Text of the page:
David Williams, national motor journalist and road safety award-winner
Call me old fashioned but I like some ‘rules’ of the road to stay the way they are. You know – thanking someone when they let you out of a junction, letting someone else out of a junction, giving pedestrians space on a crossing, giving cyclists plenty of room when you pass and so on. No one – on four wheels, two wheels or four legs – should go through a red light. That way we all know where we stand.
It’s the same with road markings; I think they’re vital, especially in certain conditions. But in Norfolk, trials into removing white lines have been held in rural villages and are being expanded into built-up areas. Tracy Jessop, assistant director of transport at Norfolk County Council, said removing central lines in village locations can reduce speeds and influence drivers’ behaviour. “In most cases we’ve noticed some positive impacts on the road network. There have been reductions in speed,” she said. Ms Jessop said experiments had been extended to roads with cycle routes that cross cities. Now Transport for London says there is a “statistically significant reduction in vehicle speeds” as a result of removing the central markings, with speeds reduced by as much as 8mph in one road, it added. Their report on a trial in the capital suggested white lines gave drivers a “psychological sense of confidence”. One theory, it added, was that removing the line introduced “an element of uncertainty, which is reflected in lower speeds”.
Alan Bristow, director of road space management at TfL, said the trials in London were still being “monitored closely to understand the longer-term effects”. I’m really not sure about that uncertainty. It’s moments such as those – especially on a motorcycle – that can lead to crashes. Acting decisively can be a life-saver and motorists notice this mostly at night, especially as they become older, when road lines give a vital extra level of safety, highlighting where kerbs, crossings, central white lines and so on, are. Vacillate and dither at your peril. Is it really a good thing to reduce the confidence of motorists, some of whom – especially the newly-qualified – already have too little of this vital ingredient? Could it be just another way of chipping away at the motor car, in an attempt to disadvantage motorists at a time when public transport – or even bicycles – still aren’t sufficient to meet all travel needs? I fear it may be and I’m not the only one.
Edmund King, AA president, said he had asked followers on Twitter whether central white lines should be removed and people had told him the idea was “absurd, barmy and crazy”. Mr King said faster roads “definitely” required central lines, adding that new cars fitted with lane departure systems also required white lines. He said schemes could work on “smaller, quieter roads”, but warned geographical differences could be “confusing to road users”. Unsurprisingly the Road Safety Markings Association – with whom I’ve worked in the past, and which is responsible for putting down all those markings – is appalled too. It says that calls for the demise of white lines are ‘misplaced, misleading and could be fatally flawed’. It said that about 100 roads have been adapted to ‘shared space’ in Britain but that a survey of 600 people last year found that two thirds rated their experience as poor.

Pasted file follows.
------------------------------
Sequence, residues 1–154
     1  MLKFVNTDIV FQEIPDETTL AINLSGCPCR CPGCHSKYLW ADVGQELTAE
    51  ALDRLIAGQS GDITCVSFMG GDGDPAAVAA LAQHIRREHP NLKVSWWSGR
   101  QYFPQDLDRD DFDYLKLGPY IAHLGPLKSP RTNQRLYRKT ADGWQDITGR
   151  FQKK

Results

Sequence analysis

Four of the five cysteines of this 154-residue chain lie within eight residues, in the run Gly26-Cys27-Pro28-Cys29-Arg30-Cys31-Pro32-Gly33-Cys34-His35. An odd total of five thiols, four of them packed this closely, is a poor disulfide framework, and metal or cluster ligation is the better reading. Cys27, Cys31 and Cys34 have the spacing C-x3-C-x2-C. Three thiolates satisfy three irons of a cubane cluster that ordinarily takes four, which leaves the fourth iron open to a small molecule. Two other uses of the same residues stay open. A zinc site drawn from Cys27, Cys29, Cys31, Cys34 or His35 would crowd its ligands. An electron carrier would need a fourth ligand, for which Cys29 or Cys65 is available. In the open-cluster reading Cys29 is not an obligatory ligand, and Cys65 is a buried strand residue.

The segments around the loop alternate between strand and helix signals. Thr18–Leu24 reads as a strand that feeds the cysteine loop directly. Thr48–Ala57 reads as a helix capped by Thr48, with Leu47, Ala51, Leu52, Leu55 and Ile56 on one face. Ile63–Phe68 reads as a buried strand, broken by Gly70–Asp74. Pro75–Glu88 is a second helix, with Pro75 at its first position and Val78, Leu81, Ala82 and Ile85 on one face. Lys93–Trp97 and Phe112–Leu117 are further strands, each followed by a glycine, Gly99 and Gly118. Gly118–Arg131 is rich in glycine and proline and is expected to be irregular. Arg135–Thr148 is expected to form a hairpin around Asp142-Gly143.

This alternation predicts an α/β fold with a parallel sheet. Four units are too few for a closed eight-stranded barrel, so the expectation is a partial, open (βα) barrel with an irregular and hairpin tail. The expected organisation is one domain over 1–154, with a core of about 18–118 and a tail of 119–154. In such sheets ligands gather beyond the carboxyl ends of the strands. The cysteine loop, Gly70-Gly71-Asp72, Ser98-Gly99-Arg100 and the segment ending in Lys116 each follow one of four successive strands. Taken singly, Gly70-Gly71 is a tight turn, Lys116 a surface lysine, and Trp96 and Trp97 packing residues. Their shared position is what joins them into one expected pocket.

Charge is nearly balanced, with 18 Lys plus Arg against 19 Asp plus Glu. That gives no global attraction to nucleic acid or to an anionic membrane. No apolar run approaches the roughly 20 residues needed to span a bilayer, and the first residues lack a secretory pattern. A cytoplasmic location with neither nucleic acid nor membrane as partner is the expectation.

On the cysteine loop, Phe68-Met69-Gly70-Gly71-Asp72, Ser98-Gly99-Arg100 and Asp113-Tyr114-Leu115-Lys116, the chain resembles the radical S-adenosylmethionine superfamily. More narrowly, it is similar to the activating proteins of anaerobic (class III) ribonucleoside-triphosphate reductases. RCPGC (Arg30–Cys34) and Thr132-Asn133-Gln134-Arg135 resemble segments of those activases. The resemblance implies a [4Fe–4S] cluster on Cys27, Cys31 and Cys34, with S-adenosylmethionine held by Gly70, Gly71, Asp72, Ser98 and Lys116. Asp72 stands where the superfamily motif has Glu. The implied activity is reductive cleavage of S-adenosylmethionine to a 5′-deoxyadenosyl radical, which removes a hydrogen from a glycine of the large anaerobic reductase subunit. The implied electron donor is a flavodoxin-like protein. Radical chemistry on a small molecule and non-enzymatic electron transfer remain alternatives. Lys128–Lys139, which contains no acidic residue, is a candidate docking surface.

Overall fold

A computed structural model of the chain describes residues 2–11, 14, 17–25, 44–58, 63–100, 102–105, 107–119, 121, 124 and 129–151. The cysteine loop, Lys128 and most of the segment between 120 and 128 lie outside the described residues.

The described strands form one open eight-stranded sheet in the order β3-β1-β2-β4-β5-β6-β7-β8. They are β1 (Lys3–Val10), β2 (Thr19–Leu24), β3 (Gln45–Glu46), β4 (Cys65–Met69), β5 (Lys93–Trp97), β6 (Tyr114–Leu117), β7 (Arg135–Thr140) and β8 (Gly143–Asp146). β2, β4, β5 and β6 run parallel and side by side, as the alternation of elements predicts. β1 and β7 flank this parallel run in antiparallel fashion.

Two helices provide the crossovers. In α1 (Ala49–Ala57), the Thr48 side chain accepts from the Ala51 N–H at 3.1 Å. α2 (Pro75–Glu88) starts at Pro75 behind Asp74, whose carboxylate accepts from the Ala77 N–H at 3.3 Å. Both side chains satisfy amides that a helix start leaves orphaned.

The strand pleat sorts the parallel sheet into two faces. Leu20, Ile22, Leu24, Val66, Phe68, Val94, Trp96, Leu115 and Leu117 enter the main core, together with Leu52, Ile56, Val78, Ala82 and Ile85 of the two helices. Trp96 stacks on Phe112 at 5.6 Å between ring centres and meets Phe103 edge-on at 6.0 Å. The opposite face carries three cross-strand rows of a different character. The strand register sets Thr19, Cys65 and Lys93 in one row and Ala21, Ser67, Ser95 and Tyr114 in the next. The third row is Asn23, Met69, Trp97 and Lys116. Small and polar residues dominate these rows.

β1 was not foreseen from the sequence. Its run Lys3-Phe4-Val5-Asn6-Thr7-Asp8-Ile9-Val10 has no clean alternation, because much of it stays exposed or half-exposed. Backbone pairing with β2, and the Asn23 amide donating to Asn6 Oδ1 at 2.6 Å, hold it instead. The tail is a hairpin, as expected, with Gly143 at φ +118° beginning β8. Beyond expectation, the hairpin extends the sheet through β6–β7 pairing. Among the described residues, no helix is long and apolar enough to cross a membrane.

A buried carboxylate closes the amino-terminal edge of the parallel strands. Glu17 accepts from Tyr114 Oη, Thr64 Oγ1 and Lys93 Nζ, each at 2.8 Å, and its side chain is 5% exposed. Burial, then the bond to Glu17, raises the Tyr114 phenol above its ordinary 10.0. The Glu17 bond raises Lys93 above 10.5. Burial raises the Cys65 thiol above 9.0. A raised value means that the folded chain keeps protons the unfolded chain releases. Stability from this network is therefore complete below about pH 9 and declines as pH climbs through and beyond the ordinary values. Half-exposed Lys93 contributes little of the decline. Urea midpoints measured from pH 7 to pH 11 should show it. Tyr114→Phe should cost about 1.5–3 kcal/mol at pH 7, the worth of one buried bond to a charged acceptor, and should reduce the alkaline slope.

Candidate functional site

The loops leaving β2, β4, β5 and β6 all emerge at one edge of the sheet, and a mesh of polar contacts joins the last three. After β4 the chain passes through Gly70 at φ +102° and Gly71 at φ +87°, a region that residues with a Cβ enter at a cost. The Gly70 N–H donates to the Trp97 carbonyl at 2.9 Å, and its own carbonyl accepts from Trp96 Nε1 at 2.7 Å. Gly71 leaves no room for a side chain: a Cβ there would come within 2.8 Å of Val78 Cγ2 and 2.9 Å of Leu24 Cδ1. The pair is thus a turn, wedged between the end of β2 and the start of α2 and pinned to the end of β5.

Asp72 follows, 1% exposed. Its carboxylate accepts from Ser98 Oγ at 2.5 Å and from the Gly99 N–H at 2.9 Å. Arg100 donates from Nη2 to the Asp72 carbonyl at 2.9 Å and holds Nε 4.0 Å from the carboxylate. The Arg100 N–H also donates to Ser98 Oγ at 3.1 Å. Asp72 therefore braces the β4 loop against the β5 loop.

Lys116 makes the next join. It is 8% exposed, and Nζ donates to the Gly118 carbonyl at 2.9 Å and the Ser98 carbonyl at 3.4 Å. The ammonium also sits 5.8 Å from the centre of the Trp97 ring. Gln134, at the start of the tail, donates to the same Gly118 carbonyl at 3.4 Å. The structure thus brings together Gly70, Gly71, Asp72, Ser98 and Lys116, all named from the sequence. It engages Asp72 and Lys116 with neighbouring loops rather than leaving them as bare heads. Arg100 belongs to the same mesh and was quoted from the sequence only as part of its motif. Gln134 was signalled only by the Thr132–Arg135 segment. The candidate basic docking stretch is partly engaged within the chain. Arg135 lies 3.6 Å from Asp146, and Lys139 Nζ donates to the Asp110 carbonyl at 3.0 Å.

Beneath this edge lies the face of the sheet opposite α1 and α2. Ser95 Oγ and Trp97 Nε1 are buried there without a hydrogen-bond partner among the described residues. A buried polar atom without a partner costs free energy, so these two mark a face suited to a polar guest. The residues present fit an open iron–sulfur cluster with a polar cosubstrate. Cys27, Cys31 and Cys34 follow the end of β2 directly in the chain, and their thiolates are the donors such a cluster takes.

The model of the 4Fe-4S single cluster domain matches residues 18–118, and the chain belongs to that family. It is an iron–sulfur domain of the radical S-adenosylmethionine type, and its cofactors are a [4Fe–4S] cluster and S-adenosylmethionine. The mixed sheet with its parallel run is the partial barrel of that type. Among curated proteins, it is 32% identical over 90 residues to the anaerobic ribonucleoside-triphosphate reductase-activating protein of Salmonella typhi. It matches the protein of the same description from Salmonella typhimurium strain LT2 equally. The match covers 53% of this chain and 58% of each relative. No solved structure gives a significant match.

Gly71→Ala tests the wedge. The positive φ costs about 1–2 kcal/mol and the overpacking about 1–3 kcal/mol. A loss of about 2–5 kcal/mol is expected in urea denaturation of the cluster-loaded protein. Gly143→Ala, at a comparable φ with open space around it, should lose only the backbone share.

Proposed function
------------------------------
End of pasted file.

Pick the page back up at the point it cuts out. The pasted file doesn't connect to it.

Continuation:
George Lee, chief executive of the RSMA said:
“We can all only hope that for the sake of innocent road users it does not turn out to be fatally flawed. There is little or no proof that removing road markings makes roads safer or that drivers confused by a lack of clear guidance are somehow safer drivers.”
Paul Watters, head of roads policy at the AA, said:
“Without exaggeration it is true to say that a simple pot of paint can save lives. In particular, highly visible markings at the edge and centre of the road that can be seen on a wet night are enormously cost-effective in saving lives.”
Findings in successive reports from the Road Safety Foundation also show road markings to be a most cost-effective measure in improving road safety, with central hatching and turn-right pockets, edgelines and rumble strips, speed limit roundels all contributing to safety without the need for vertical signs. Amen to that. Meanwhile, keep your dash cam tuned – you never know when you might need that invaluable, digital, evidence. Especially if the other driver isn’t feeling too confident.